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- K-12 Education
In the first day of our check-in on Ohio’s e-schools, we saw how increases in enrollment were driven by only four statewide schools. Yesterday, we saw that about a third of all students at Ohio’s e-schools had been enrolled for under a year – a figure that calls attention to the challenge of measuring e-school accountability. But the majority of Ohio’s rated e-schools were mediocre Continue Reading »
Yesterday, we examined the 2010-11 enrollment numbers for Ohio’s e-schools and uncovered some curious trends. While the e-school sector as a whole experienced its largest post-moratorium increase, that growth was driven by only four statewide schools. Today, we revisit performance and student mobility and their relationship to e-school enrollment.
Ohio performance indicators for 2010-11 Continue Reading »
My new column for Education Next takes a wider view of the “flipping” class phenomenon:
Four years ago, in the shadow of Colorado’s Pike’s Peak, veteran Woodland Park High School chemistry teachers Jonathan Bergmann and Aaron Sams stumbled onto an idea. Struggling to find the time to reteach lessons for absent students, they plunked down $50, bought software that allowed Continue Reading »
This past May, Education Sector examined Ohio’s 27 online “e-schools,” public charter schools that operate entirely online and which students “attend” on a full-time basis. These schools’ performance and demographic characteristics varied widely, but not necessarily in connection with the three classifications of the schools: local, regional, and statewide, based on their geographic reach. OContinue Reading »
Two new reports, from Minnesota and Colorado, offer additional insights into online learning’s rapid and rocky growth. These reports, combined with data from both Pennsylvania and Ohio, reinforce the necessity for policymakers, educators, and online learning advocates to pay as much attention to quality as they do to expansion.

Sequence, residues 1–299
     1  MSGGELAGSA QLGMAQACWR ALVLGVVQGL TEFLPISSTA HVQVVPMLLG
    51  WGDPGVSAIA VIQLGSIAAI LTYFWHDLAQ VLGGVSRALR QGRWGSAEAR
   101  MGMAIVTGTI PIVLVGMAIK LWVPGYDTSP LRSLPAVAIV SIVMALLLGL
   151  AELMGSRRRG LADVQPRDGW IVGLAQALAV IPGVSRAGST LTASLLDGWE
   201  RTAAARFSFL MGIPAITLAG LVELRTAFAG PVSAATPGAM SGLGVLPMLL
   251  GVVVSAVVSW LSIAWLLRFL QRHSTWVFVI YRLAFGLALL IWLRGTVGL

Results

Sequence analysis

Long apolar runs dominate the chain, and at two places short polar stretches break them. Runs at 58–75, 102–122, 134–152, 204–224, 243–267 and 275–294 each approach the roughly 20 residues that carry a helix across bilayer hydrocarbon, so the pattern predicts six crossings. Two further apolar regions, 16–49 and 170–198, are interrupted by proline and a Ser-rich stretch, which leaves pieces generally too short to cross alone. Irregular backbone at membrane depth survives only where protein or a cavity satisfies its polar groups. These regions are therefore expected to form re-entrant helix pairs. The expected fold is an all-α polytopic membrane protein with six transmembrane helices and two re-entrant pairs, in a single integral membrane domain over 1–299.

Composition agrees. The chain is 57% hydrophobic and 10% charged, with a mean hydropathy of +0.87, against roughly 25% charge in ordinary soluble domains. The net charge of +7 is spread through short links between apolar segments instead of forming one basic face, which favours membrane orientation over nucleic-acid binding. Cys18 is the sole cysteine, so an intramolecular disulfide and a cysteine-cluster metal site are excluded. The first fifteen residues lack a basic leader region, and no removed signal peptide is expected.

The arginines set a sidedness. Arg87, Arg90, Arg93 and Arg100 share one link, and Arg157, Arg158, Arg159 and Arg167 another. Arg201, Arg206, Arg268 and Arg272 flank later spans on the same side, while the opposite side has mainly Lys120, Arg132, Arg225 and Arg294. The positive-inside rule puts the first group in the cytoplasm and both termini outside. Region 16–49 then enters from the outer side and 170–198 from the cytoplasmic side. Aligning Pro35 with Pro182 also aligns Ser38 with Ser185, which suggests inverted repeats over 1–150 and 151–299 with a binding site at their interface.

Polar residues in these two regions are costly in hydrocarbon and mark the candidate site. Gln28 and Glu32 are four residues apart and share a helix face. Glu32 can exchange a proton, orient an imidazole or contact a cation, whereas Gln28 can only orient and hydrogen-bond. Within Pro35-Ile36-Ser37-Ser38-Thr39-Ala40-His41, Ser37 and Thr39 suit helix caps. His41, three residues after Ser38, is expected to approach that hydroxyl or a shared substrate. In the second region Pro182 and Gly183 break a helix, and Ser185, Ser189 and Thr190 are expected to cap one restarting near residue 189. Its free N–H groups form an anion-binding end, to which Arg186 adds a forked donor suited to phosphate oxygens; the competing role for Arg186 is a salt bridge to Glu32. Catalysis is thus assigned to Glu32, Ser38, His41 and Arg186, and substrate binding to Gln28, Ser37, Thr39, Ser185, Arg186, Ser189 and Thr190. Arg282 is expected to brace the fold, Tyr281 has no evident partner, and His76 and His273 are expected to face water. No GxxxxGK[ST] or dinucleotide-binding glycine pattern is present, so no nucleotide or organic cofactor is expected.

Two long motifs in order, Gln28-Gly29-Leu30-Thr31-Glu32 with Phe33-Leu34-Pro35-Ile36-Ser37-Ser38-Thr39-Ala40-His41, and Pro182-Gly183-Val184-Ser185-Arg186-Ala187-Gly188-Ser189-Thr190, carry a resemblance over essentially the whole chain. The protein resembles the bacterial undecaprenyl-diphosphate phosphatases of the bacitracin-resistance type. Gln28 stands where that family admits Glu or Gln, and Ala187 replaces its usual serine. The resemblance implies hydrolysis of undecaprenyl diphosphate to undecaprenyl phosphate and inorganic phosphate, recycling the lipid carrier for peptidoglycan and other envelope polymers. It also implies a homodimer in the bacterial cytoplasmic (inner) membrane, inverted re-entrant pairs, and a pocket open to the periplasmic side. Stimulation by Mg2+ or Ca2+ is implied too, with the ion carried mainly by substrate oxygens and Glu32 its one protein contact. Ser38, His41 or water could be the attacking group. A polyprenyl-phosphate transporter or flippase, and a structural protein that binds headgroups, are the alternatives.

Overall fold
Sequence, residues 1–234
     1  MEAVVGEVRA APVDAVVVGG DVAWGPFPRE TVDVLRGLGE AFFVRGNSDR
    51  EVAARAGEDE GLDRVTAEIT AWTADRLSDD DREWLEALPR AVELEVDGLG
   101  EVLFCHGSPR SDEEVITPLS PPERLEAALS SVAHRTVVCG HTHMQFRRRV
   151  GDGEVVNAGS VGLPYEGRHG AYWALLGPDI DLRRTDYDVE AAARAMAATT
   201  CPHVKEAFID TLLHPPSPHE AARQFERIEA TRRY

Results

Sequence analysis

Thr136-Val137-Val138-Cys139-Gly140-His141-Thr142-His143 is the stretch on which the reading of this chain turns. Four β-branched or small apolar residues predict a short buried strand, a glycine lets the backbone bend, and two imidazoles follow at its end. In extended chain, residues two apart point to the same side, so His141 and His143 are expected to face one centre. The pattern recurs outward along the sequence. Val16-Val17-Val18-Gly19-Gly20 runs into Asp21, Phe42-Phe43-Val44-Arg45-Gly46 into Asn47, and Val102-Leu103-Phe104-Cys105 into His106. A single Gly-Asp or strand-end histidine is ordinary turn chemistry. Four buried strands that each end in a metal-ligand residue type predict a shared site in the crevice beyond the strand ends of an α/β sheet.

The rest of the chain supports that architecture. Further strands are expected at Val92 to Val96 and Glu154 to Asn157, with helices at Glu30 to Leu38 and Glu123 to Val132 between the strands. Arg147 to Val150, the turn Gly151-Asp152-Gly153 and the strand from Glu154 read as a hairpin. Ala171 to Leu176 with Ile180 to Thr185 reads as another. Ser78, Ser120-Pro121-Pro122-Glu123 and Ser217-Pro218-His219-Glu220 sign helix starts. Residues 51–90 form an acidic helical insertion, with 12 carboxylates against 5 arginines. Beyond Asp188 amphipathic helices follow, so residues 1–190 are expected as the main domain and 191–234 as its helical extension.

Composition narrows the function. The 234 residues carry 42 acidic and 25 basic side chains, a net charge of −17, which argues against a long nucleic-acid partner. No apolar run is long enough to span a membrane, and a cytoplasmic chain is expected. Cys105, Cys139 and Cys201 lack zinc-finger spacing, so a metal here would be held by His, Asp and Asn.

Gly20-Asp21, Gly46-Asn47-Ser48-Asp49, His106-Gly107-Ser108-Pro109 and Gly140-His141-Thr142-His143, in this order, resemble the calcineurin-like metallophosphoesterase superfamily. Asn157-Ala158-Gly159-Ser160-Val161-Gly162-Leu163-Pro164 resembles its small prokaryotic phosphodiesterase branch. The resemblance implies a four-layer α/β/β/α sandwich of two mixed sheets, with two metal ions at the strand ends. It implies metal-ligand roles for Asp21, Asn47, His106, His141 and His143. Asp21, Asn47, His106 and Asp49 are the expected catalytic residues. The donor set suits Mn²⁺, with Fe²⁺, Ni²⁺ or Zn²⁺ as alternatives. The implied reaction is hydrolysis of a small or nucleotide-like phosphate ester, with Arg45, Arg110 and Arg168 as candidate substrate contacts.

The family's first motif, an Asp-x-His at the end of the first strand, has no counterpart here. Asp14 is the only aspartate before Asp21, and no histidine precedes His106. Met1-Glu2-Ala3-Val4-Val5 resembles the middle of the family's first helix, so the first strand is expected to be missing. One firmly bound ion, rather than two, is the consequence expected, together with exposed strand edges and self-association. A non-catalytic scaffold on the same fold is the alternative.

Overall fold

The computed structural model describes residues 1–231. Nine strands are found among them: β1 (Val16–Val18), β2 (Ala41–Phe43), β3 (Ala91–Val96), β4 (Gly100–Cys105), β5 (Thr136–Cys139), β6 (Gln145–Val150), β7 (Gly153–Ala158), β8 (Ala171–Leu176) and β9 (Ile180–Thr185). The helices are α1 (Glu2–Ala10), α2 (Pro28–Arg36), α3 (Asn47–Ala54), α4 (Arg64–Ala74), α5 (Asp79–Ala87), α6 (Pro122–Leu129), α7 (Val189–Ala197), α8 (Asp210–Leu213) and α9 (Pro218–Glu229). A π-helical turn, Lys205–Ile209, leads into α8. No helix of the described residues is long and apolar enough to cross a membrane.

Highlights from the Minnesota report, conducted by thContinue Reading »
Earlier this year, Larry Cuban and I had a brief back-and-forth about the prospects for online learning — particularly with regards to helping/harming students most at-risk. Fortunately, Education Next has just published an article exploring this very issue.
In “Getting At-Risk Teens to Graduation: Blended learning offers a second chance,” June Kronholz writes about PerContinue Reading »
On Wednesday, the Fordham Institute released “Quality Control in K-12 Digital Learning: Three (Imperfect) Approaches,” the first in a series of six papers exploring critical issues in digital learning. Written by Rick Hess, the paper recognizes the importance of efforts to ensure that new digital learning endeavors meet a high bar for quality. And, it offers a helpful framework, outContinue Reading »
We’re celebrating our 5th Anniversary this year. We know a lot can happen in five years, and we’re proud to have done our part in shaping education reform over the years. So, over the next few weeks, we’ll be reflecting on some of our past work just to see how far it’s come: What drew our analysts to the work? How have the issues evolved? And what’s next? Our “retrContinue Reading »
This is the second part of a two-post series reflecting on my visit to Brooklyn’s David A. Boody Intermediate School (IS 228), one of New York City’s three School of One pilot schools.
With national media attention, promising — though very preliminary — initial results, and strong public/private support, School of One, though just a few years old, is already being hailed as Continue Reading »
Yesterday morning, I took the long “F” train ride from Manhattan to Brooklyn’s David A. Boody Intermediate School (IS 228), one of New York City’s three School of One pilot schools. I walked away impressed — as most do from a tour like this. But, I also realized that in many discussions, we’re having the wrong conversation about what we could learn from pilotContinue Reading »